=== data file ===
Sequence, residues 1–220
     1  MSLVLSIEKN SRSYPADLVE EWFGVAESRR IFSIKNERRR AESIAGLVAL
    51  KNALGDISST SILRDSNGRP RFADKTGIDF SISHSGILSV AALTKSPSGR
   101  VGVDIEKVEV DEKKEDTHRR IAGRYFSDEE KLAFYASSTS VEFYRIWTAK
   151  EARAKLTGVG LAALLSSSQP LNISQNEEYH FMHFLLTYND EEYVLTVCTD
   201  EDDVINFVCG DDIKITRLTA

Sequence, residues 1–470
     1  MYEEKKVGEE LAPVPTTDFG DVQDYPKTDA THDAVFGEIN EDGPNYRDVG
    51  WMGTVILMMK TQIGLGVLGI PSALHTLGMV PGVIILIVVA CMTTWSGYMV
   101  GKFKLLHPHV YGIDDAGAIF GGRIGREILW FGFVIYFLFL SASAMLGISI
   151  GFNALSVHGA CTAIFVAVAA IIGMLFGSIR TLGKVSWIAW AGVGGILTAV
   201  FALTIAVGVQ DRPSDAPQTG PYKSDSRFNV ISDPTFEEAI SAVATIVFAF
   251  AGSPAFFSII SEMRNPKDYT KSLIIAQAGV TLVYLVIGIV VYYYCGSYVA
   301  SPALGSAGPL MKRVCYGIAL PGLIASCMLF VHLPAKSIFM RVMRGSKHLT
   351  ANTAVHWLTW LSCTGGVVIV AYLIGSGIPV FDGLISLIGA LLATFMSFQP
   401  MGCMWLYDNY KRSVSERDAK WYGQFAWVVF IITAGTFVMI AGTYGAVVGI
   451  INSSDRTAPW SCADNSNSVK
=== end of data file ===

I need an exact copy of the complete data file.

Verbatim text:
Sequence, residues 1–220
     1  MSLVLSIEKN SRSYPADLVE EWFGVAESRR IFSIKNERRR AESIAGLVAL
    51  KNALGDISST SILRDSNGRP RFADKTGIDF SISHSGILSV AALTKSPSGR
   101  VGVDIEKVEV DEKKEDTHRR IAGRYFSDEE KLAFYASSTS VEFYRIWTAK
   151  EARAKLTGVG LAALLSSSQP LNISQNEEYH FMHFLLTYND EEYVLTVCTD
   201  EDDVINFVCG DDIKITRLTA

Sequence, residues 1–470
     1  MYEEKKVGEE LAPVPTTDFG DVQDYPKTDA THDAVFGEIN EDGPNYRDVG
    51  WMGTVILMMK TQIGLGVLGI PSALHTLGMV PGVIILIVVA CMTTWSGYMV
   101  GKFKLLHPHV YGIDDAGAIF GGRIGREILW FGFVIYFLFL SASAMLGISI
   151  GFNALSVHGA CTAIFVAVAA IIGMLFGSIR TLGKVSWIAW AGVGGILTAV
   201  FALTIAVGVQ DRPSDAPQTG PYKSDSRFNV ISDPTFEEAI SAVATIVFAF
   251  AGSPAFFSII SEMRNPKDYT KSLIIAQAGV TLVYLVIGIV VYYYCGSYVA
   301  SPALGSAGPL MKRVCYGIAL PGLIASCMLF VHLPAKSIFM RVMRGSKHLT
   351  ANTAVHWLTW LSCTGGVVIV AYLIGSGIPV FDGLISLIGA LLATFMSFQP
   401  MGCMWLYDNY KRSVSERDAK WYGQFAWVVF IITAGTFVMI AGTYGAVVGI
   451  INSSDRTAPW SCADNSNSVK